A former Clinton aide is expected to invoke his Fifth Amendment right in response to congressional questions about the former secretary of state’s email practices and his role in setting it up, according to two people familiar with the matter. [New York Times’ Michael S. Schmidt]

Hillary Clinton’s email “scandal” has the “potential to spread to the White House,” as counterintelligence specialists suspect that others in the Obama administration engaged in the practice of “emailing secrets around,” reports John R. Schindler. [The Daily Beast]

Unofficial Clinton advisor, Sidney Blumenthal appears to have fed her “a steady diet of political advice, foreign-intelligence information, capital gossip and electoral insight in quick email blasts,” writes Byron Tau. [Wall Street Journal]


Ukraine’s government is weighing autonomy for areas in the east of the country already in Russia’s “thrall,” reports Andrew R. Kramer. [New York Times]

The Wall Street Journal editorial board argues that Russia is the “winner” of the ceasefire agreement in Ukraine, suggesting that the reason is because Kiev is under pressure to abide by the Minsk accord despite Moscow’s repeated violations.

USS Seawolf has just completed a “daring mission,” spending several weeks below the Arctic cap during a six-month deployment; the mission was designed to send a signal to Moscow about the US military’s capacities, reports David Axe. [The Daily Beast]

“Russian provocations and territorial claims in the Arctic … threaten US national security interests,” opines Sen John McCain, commenting that as President Obama visits Alaska to draw attention to climate change, the real threat is the “menace” posed by Moscow in the region, in an op-ed at the Wall Street Journal.


China’s President Xi Jinping announced a cut to troop numbers of 300,000, using a parade marking 70 years since the end of World War II to present the Chinese military as a force for peaceful development. [Reuters’ Ben Blanchard; New York Times’ Edward Wong et al]

Chinese citizens’ pride in their country is “not derived from contrived militaristic jingoism,” writes Brendon Hong, describing yesterday’s parade as “excessive and belligerent.” [The Daily Beast]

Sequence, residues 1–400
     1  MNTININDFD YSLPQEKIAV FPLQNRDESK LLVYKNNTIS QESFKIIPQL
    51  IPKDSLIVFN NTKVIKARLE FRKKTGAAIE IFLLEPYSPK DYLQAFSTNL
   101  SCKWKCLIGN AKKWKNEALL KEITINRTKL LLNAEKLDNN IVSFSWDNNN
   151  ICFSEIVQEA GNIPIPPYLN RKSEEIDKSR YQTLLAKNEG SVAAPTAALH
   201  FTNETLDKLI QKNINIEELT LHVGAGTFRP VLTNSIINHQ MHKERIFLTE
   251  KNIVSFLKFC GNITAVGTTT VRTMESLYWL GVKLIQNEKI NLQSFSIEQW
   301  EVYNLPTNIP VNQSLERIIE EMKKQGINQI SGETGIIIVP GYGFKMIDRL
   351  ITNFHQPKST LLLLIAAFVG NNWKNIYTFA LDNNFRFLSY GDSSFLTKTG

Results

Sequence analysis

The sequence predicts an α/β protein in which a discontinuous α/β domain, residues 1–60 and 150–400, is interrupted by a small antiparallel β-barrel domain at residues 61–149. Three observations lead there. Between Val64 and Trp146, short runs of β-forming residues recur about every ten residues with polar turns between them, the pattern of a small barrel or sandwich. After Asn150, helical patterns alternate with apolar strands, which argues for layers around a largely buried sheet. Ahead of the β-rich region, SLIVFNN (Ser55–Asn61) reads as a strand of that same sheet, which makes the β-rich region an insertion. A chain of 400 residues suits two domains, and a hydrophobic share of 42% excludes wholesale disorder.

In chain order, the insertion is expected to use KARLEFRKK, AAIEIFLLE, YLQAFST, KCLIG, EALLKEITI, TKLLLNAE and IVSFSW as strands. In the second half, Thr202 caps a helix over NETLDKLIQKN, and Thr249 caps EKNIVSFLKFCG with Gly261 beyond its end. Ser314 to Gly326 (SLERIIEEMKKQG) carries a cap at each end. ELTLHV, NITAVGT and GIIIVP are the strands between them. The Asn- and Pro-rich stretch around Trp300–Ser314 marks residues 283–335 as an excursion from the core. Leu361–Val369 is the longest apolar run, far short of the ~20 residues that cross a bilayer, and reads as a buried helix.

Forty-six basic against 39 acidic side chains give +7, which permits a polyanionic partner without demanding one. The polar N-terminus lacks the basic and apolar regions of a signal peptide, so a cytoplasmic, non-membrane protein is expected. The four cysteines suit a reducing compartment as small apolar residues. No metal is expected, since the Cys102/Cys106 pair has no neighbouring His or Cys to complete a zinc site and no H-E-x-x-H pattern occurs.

China is building two aircraft carriers, according to a new Taiwanese Defense Ministry report on the military capabilities of the People’s Liberation Army. [Reuters’ J.R. Wu]


The ACLU urged a panel of the Second US Circuit Court of Appeals to issue an injunction to halt the bulk collection of phone records immediately until a new law comes into force prohibiting the controversial program; the Justice Department argued that it needed time for an “orderly transition.” [Wall Street Journal’s Nicole Hong and Damian Paletta]

A double suicide bomb attack at a mosque in Yemen’s capital, Sana’a killed at least 22 people yesterday, officials said. [Wall Street Journal’s Mohammed Al-Kibsi and Rory Jones]  And the UN Humanitarian Coordinator for Yemen condemned the shooting of two Red Cross staff members in a statement. [UN News Centre]

Israel’s government is considering giving security forces greater power to open fire with live ammunition on Palestinian stone throwers, with a statement from Prime Minister Benjamin Netanyahu’s office ordering a re-examination of the rules governing the protocol. [The Guardian’s Peter Beaumont]

The threat posed to Egypt by “fragmented” jihadist groups across the country is increasing; Erin Cunningham discusses the mounting competition between that country’s Islamist insurgency, at the Washington Post.

Pakistani military strikes in the restive northwest of the country killed at least 31 suspected militants, officials said yesterday. [Reuters]

More than 13 million children are being denied education due to conflicts in the Middle East, according to a new report from UNICEF. [New York Times’ Rick Gladstone]

The Army’s elite Ranger School will be open to all soldiers irrespective of gender, after two women last month made history by becoming the first to complete the leadership course. [Al Jazeera America]